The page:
The name “White’s” refers to the fact that John White was the one who initially described these frogs. Because they love tree canopies as their home, the word “tree” appears in their name. The Australian green tree frogs and huge Florida green tree frogs are other names for White’s tree frogs. They are often referred to as dumpy tree frogs. Unlike the majority of their cousins, they are known as being calm, kind, and laid back creatures who do not enjoy leaping. Globally, people love having them as exotic pets.
Geographical Distribution of White Tree Frog
Indonesia, southern New Guinea, and a large portion of Australia, particularly the north and east, are the native habitats of white tree frog. introduced: New Zealand and Florida
Habitat Of White Tree Frog
As a habitat generalist, this plant may thrive in a variety of settings, including desert and coastal regions. These frogs are often arboreal, living in tree canopies close to still water sources, although they may also be found in forests distant from water, in grasslands, beside streams and marshes on rocks, in rock crevices, and within hollow tree trunks. Where there are water sources, such as canals and drainage ditches, toilets, sinks, water tanks, and gutters, they have adapted to the urban and suburban environments. In New Guinea, they live in gardens, open monsoon woods, as well as some portions of habitations.
Characteristics of the body
- Appearance: There is no apparent neck; the head of the White’s tree frog merges into the body. Short and blunt describe the mouth. These frogs have short legs with long, thick toes that culminate in large, asymmetrical pads. While the toes are almost entirely webbed, the fingers are only around one-third webbed. The skin on the back is grainy on the sides and smooth in the middle.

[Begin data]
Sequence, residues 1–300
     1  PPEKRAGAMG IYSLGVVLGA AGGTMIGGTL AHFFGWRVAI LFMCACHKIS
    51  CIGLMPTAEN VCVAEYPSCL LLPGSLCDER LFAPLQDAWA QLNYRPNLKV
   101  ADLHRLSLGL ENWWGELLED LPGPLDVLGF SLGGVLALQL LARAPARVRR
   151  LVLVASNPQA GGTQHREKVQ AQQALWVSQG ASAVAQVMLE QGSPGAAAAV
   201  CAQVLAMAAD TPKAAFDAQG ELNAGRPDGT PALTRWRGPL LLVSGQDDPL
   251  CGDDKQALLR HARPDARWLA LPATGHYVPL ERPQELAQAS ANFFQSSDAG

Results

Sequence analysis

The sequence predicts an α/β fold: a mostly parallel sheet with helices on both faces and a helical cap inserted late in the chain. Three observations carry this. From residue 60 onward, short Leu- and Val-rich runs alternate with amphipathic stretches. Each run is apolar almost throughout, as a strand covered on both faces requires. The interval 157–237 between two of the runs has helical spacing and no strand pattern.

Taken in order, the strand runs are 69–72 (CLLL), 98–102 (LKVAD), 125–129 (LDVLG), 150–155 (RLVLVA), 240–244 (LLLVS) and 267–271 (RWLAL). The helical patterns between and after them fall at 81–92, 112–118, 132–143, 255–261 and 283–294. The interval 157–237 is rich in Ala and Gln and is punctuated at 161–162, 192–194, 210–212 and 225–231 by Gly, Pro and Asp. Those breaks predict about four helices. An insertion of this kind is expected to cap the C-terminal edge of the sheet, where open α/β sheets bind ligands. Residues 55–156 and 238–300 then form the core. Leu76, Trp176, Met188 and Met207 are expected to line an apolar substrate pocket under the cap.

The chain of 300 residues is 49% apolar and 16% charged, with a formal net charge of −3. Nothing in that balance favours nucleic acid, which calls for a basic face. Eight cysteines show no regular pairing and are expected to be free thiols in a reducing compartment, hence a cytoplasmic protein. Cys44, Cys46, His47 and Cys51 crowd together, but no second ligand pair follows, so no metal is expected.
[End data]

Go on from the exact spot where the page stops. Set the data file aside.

- Body: Adults have a well-developed lumpy or fleshy fold behind each eye called the supratympanal ridge, which may be partially hidden by the tympanums, which are visible on both sides of the skull and look similar to eardrums. The vocal sac beneath the neck area is wrinkled and greyish in colour in men, whereas it is white in females.
- Colour: These frogs’ colour is a combination of yellow pigments layered with blue and green pigments. The temperature and colour of their surroundings affect how differently coloured they are. Jade, blue, or olive green are possible dorsal colorations. Both sexes can have white patches from the corner of the mouth to the base of the arms, as well as irregularly shaped white markings or distinct stripes on the sides. The outside edge of the fifth toe and the back edge of the lower thigh may both have a white stripe. The thighs range in colour from yellow to maroon. The ventral surface can be greyish to yellowish white or white. Females have a white neck. Golden eyes have irises that are horizontal.
Size of White Tree Frog
From snout to vent, females are 3.9 to 5.9 inches (10 to 15 centimetres) in length. Males are around 2.54 centimetres (1 inch) smaller.
Grashoppers, mosquitoes, beetles, flies, moths, and spiders are the main sources of food for adult White’s tree frogs. They consume small animals as well. The frog launches its tongue out of its mouth when the prey is tiny enough to be caught on its sticky surface. They pounce on larger prey, seize it with their hands, and push the food into their jaws to catch it. Tadpoles eat everything. They consume algae, mosquito larvae, insects that have drowned, and other species’ tadpoles.